It came to my attention that I very much do the things that I judge wrong in others. Opening up to this arrogance and actually making statements such as “I can’t say I don’t do that” or asking myself, “Where do I do that in my life?” has deepened my understanding of myself. This in turn brings a deeper quality to my relationships with others as I am now able to be with them and not the perceived pictures I have formed in my mind of who they are, based on their actions. My actions may not be the same as others, but when I ask, “Where do I do that?’’, I am asking about the feeling of the action and if that action also plays out in my life. Chances are that if I am reacting to another person’s actions then I am in some way doing the same thing, OR I have done the same but have yet to learn the full impact of what that choice has on others.
- I may feel angry towards someone trying to show off, yet I sometimes show off in other parts of my life.
- I may get upset when a person is acting small and not standing up for what they feel, yet I shrink in areas of my life and play small. Asking myself, “Why do I do this – what is it that I am getting out of playing small?” allows me to come to terms with, understand and accept my choices, then make the adjustments that are required to change my stance.
- I may feel angry with someone who barges into a situation like they know everything when they haven’t gotten to know how things work. At first, I may react, but once I ask myself, “Where do I do that?” I often remember a previous situation where I did exactly the same thing… coming in like I knew everything. I then get to feel the flipside of the situation. And I can also see this play out every time I give advice that comes with any sort of judgment towards the person, in thinking that I know everything – it is the same thing.
When I ask myself “Where do I do that?”, there is a magic at play that is perfectly ordered and arranged for me to experience a situation in life that answers the question – such as the memory of how I was in a previously similar situation, or simply by the moment coming around again, but this time my catching it rather than examining the reaction in hindsight. Wherever we place our focus it’s like that part of life starts to become magnified, – like playing ‘Spot the Mini (or any other type of car)’ game where once you start looking, you see Mini cars everywhere, – and this is no different for self-reflection.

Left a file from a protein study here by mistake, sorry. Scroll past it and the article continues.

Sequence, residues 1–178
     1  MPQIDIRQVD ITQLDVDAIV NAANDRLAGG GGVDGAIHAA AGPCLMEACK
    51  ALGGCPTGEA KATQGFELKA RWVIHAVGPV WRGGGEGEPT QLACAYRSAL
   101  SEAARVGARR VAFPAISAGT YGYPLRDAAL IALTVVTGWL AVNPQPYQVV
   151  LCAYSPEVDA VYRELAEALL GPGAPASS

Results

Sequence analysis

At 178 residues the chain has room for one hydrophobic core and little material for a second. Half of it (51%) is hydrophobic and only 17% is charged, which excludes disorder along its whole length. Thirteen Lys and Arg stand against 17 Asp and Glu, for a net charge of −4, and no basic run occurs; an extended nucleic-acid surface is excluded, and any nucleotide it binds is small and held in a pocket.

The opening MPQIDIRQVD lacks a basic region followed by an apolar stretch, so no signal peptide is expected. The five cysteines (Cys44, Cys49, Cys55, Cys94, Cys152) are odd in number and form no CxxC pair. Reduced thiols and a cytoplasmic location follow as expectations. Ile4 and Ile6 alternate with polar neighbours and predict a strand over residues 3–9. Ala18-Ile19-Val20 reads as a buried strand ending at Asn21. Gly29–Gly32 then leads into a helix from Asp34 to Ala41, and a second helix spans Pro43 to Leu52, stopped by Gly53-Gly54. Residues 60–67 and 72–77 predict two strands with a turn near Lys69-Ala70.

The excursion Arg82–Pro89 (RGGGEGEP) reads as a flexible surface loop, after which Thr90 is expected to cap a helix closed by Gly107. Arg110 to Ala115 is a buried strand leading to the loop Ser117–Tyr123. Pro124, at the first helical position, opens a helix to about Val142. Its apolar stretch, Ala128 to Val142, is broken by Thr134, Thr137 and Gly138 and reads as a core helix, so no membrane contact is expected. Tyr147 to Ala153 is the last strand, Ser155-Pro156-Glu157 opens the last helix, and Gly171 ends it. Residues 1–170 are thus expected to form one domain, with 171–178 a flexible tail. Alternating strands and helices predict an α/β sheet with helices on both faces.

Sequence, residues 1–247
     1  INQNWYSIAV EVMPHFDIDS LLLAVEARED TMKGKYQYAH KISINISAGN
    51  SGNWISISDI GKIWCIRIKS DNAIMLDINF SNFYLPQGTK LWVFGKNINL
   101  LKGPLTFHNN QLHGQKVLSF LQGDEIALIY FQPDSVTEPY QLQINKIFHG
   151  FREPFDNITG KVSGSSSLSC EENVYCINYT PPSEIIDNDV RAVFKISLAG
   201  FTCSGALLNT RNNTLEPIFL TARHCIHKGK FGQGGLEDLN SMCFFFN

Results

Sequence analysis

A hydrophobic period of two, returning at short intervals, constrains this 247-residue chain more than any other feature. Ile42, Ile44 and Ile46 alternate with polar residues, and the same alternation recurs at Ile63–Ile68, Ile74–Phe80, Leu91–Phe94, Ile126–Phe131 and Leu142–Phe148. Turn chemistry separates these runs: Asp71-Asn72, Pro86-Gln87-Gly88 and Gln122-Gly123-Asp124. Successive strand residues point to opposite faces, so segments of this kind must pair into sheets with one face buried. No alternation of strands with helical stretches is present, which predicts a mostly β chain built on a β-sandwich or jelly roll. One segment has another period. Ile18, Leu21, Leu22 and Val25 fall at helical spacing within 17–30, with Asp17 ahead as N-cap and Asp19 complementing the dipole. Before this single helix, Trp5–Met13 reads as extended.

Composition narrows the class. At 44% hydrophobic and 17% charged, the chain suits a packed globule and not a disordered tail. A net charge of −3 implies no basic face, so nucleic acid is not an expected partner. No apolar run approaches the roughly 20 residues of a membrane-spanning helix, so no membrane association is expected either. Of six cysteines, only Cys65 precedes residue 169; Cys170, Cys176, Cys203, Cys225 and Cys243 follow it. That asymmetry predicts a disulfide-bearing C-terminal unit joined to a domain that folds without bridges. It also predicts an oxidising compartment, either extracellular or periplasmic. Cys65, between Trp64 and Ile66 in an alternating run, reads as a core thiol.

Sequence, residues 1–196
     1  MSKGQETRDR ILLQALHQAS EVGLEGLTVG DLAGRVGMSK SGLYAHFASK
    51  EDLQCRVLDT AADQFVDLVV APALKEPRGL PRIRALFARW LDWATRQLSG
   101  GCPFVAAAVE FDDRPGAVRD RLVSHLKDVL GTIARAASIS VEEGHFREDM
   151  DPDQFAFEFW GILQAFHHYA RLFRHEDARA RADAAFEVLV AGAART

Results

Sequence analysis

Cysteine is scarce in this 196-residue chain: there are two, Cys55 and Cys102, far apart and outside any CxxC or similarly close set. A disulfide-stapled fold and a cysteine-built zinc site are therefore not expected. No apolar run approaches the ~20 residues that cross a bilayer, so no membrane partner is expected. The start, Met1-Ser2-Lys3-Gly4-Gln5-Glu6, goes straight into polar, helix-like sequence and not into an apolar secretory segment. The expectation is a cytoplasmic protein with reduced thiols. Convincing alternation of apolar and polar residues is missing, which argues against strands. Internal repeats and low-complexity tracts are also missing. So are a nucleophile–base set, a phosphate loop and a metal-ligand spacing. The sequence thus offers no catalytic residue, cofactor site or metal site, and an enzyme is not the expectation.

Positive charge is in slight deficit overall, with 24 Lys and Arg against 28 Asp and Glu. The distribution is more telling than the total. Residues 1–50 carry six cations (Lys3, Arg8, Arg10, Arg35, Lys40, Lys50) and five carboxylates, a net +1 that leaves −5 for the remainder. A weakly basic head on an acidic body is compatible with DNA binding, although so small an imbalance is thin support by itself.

What I am learning now is that remaining in the arrogance of “I don’t do that!” feels horrible within my body when compared to the openness, curiosity and willingness to understand myself that asking “Where do I do that?” brings.
Trying to hold onto the fact that I am an individual that is separate from the actions of others is very exhausting and becomes a strain on all relationships. Acting individual also prevents me from appreciating the reflections and lessons I am receiving from others. And yet sadly “I don’t do that!” is a stance that is generally accepted in life. Making comments about another person’s abilities for example, comes with this tone of “I don’t do that” and “I am better thus have the right to comment.”
The fact is we are human and no one is perfect. There can at times be a ruffling of feathers, but there is an ease within me that comes from the understanding I now have. I understand that it’s not pleasant facing your own reflection from the “I don’t do that” stance to looking into the “I actually do that as well” mirror. This is where acceptance, allowing and the appreciation of being willing to see our imperfections can be of great support.
The more I understand why I do something, the less I react to other people – and the deeper I appreciate them for being in my life, the more I am willing to look into the mirror. I absolutely love it as I stop judging myself for that behaviour and I equally stop judging others. They may continue the behaviour but it doesn’t affect me like it used to.
I have learnt so much from the reflection of others and it has been a deeply beautiful experience to stop and look at myself in another – to see and feel the behaviours and energy that make up me in another. It has shown me that we are not truly individual and that we are connected. If I am ever confused or annoyed about something in another, every time now I take it back to myself, there is so much more understanding and then I am not constantly living in reaction, blame or judgment of myself or anyone else. The less reaction and judgment in my life, the greater the appreciation for others and for allowing myself to be a student of life and being open to learning what life is presenting for me and all of us to learn.
By Leigh Matson, London, UK